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I'm wondering if there's ever a reason or time when a company should have its own user (like say, Stack Overflow), instead of users that make it up (like, Jeff Atwood).

I figure this is kind of a bad idea as someone with access to multiple accounts could upvote himself over and over.... but is there any point this is okay and/or a good idea?

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Related: meta.stackexchange.com/questions/82509/… –  Brandon May 4 '11 at 18:32
    
so is there any specific instance that prompted this, or are you just kind of thinking out loud? –  Kip May 4 '11 at 19:30
    
Thinking out loud, mostly. and thinking ahead. But i don't think i'll need to, now. thanks all. –  Thomas Shields May 4 '11 at 19:32
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My company has "convenient" group email addresses, like benefits@company.com. Well, guess what. They respond from that email address. Now, it's all confusing - am I writing back to a person, or posting a notice on a wall to a bunch of people? Will the same person see my new comment as my original one? I think it's a bad idea. –  NickC May 4 '11 at 20:36
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I wonder if something along these lines would have specific use on meta. Perhaps Joel, Jeff, Jarrod et al should possibly have some icon or whatever displayed beside their name so that we know they are speaking officially for the site. For people new to the site, it's probably difficult for them to figure out who the "official" people are who can give "official" answers. –  Kibbee Oct 12 '11 at 23:56

3 Answers 3

up vote 10 down vote accepted

Personally, I say no. It is pretty rare for an answer to be intended to be an "official" answer, since stackoverflow answers are community answers and are publicly editable. That is really the only justification I could think of for doing this. More common is to just link to a more official source of information.

In terms of someone having access to multiple accounts and voting themselves up, the system has its own protection against that; I don't think that issue is really relevant to whether a company should have its own user.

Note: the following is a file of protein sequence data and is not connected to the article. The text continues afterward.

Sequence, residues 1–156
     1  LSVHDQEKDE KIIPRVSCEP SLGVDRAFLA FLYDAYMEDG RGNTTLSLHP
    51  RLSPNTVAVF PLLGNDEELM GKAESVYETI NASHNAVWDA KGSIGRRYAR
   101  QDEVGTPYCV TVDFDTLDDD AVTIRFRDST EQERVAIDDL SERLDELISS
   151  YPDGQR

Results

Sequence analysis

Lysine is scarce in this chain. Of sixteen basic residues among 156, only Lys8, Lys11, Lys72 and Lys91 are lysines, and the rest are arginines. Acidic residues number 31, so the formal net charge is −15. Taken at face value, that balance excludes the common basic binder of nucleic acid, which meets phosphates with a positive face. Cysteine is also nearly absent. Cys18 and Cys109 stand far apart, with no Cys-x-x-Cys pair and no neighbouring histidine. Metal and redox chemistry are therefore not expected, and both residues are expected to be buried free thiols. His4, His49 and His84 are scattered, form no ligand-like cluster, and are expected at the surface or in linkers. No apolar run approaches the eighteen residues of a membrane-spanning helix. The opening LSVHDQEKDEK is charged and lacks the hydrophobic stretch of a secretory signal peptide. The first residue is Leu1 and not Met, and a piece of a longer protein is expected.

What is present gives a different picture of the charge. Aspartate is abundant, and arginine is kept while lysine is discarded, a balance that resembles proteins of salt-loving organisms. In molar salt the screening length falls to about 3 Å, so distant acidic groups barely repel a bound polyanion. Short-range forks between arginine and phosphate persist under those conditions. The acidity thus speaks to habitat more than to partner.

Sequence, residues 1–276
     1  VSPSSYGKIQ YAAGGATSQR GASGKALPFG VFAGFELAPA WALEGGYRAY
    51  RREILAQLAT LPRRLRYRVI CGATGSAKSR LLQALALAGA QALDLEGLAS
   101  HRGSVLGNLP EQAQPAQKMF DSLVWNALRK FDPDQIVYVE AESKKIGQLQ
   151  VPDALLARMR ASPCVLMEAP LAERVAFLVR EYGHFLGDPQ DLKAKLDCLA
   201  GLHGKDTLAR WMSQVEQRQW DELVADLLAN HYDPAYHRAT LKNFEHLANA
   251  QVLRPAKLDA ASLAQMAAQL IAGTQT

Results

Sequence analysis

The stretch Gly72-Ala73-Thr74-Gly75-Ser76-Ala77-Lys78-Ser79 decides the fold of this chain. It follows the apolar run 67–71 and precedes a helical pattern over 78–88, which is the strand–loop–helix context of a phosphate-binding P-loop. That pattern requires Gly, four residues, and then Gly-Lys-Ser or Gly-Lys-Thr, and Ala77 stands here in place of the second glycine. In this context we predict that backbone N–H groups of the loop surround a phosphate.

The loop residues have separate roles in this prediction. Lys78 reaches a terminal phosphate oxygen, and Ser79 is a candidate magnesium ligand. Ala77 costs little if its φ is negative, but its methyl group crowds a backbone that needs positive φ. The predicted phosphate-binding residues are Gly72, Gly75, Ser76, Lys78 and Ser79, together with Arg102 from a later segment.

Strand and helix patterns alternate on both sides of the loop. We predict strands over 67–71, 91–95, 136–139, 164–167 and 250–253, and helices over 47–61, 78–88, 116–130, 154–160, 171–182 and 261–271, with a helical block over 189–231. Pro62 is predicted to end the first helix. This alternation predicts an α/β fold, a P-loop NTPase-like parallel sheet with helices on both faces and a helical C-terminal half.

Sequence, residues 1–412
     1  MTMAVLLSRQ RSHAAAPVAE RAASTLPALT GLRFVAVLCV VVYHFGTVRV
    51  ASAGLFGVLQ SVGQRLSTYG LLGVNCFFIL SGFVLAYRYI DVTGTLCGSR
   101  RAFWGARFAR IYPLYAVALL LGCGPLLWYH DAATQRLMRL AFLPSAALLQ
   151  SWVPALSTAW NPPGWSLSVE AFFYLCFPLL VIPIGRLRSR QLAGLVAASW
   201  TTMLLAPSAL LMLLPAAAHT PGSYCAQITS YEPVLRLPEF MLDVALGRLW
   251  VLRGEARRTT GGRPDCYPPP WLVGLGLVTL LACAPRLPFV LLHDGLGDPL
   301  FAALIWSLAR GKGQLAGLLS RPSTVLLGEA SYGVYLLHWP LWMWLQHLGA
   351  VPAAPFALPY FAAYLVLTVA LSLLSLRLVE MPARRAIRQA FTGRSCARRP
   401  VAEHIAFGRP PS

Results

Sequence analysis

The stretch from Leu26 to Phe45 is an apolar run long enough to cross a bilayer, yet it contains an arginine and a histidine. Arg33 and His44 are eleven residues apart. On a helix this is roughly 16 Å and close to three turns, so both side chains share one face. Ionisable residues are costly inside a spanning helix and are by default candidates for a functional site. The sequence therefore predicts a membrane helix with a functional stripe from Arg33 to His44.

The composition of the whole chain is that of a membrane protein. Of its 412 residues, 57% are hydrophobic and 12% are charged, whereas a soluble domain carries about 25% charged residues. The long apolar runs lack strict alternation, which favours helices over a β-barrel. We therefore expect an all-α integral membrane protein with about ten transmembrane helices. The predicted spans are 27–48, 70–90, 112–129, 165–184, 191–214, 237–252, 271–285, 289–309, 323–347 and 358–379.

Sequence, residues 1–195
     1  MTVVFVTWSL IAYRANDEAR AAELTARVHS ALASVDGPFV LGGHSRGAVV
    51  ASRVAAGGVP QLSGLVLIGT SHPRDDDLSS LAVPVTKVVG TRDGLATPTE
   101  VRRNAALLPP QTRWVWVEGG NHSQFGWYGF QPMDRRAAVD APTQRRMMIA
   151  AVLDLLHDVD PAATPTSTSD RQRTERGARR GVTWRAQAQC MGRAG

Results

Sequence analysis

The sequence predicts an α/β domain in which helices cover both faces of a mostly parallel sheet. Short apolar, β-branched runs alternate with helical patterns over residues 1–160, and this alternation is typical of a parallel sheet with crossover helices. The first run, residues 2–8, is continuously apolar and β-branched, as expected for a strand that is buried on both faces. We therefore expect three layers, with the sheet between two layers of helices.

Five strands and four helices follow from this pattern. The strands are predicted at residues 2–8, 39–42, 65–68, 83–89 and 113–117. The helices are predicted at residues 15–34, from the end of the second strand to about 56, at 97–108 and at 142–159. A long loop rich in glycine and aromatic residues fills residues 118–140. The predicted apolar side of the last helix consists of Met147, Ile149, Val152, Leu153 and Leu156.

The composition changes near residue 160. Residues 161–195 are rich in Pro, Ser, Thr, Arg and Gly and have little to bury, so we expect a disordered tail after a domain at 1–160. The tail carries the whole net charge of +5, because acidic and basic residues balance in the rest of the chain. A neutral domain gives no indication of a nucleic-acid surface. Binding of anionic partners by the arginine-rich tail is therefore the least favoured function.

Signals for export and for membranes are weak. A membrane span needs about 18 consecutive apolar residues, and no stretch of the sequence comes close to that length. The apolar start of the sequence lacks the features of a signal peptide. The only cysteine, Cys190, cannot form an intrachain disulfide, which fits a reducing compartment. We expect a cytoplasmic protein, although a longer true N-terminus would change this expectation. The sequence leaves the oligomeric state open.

Further, I it would definitely not be appropriate unless the user was intended as an official representative of the company...and even in that case attribution to the specific person, via real name or nickname, is still better.

Having your username be a company name strikes me as being a form of advertising, which is really not the right place to do it. And in general, it is considered poor form to create an account specifically to talk about your company's product, unless you're using that account to answer questions specifically about your company's product.

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I think it's a good idea in a specific scenario, much like DevExpress has done. Because they're from the DevExpress team, they can be seen as canonical answers -- and they only answer questions about DevExpress.

It would be cooler to for each DevExpress developer to have their own account, but for whatever reason they've chosen to go the other route. I don't see a problem with it in this instance -- it even lowers the temptation for each of them to upvote other people that work at DevExpress.

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Seconded. I think it's fine if the purpose is to provide canonical answers "from the source" so to speak. If the account is being used for advertising, or as a sockpuppet account for upvoting, then that's a different case. –  Kip May 4 '11 at 19:27
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It seems analogous to corporate Twitter accounts that search for questions about that company and provide feedback. –  Kip May 4 '11 at 19:29
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Surely Canonical answers are about Ubuntu? –  Phil Lello May 4 '11 at 23:55

I thinks it's an interesting idea. I would want to know if a certain company is helping a lot to the community. I think it would attract companies that need a good reputation.

For instance, a company could decide to take one hour a week, so that employeers could dedicate to Stackoverflow and answer questions, so they can build a reputation.

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